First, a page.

In the News

Two PROSOCO Water Repellents Verified LBC-compliant

Two PROSOCO Sure Klean products, Siloxane PD and Natural Stone Treatment WB Plus, have been verified as compliant with the Living Building Challenge 2.0 and 3.0 Materials Petal Red Lists. This verification means that the water-repellent coatings do not contain intentionally added chemicals present on the Red List. In addition, PROSOCO has certified that the products comply with all known architectural coating and sealant regulations, including the CARB 2007 SCM, SCAQMD Rule 1113 and SCAQMD Rule 314. For decades, PROSOCO cleaners and protective treatments have been used on high-value buildings such as state capitols, historic landmarks and emblematic structures recognizable around the world. “PROSOCO introduced modern, penetrating sealers to the U.S. market,” says Dwayne Fuhlhage, sustainability and environment director for PROSOCO. “Brick and natural stone masonry are intrinsically durable, but they are subject to the long-term ravages of moistures and time. We hope this latest Red List review helps to increase available tools for the Living Building Challenge community.”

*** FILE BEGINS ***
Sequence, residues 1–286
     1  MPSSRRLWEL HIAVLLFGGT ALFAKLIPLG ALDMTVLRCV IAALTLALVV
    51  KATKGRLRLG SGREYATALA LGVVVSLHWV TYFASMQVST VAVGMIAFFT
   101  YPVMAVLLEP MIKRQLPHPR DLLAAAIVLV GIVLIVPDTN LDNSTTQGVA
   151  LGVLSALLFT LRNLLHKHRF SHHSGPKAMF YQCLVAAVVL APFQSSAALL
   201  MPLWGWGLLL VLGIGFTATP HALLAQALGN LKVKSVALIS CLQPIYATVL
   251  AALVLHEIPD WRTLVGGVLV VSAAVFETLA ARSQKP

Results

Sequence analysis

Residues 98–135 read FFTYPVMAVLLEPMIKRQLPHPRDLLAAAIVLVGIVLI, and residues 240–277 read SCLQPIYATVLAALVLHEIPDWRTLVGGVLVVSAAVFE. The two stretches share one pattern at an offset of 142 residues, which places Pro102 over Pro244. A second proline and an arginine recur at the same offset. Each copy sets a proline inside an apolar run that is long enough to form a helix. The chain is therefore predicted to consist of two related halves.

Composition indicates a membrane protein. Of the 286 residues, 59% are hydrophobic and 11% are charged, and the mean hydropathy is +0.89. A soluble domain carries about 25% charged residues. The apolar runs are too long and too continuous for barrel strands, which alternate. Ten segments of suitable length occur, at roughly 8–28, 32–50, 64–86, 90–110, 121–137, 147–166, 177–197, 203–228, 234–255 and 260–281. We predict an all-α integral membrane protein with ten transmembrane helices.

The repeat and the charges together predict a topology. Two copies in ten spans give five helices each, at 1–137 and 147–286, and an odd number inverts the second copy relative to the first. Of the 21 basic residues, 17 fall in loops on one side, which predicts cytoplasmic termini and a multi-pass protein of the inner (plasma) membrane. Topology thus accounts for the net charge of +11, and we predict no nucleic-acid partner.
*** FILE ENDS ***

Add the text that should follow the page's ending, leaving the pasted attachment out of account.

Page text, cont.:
PROSOCO is a sponsor of the International Living Future Institute, which administers the Living Building Challenge as its flagship program for deep systemic change. For more information, visit www.prosoco.com.
Masonry Safety Inspections

The look of confusion and utter loss on people’s faces when I tell them that I’m a safety inspector for a masonry company is often hilarious.

About: Safety
What AI Can Do For the Masonry Industry

If your pension fund doesn’t hold NVIDIA stock, your fund manager has some questions to answer. This week, NVIDIA became the most valuable company in the world, with a market cap exceeding $3.4 trillion. They have been at the forefront of AI mania that ha

About: Featured
Brick: A Resilient Product That Will Make You Proud

Originating as the very dirt beneath our feet, brick has proven to be a sustainable, enduring solution that has been trusted for hundreds of years. While modern consumerism tends to focus on providing fast, cheap merchandise that is not intended to last,

Building a Sustainable Future with Brick: Benefits and Impact

In both residential and commercial building design and construction, there is a growing awareness and commitment to minimizing environmental impact while improving health, comfort, and overall well-being.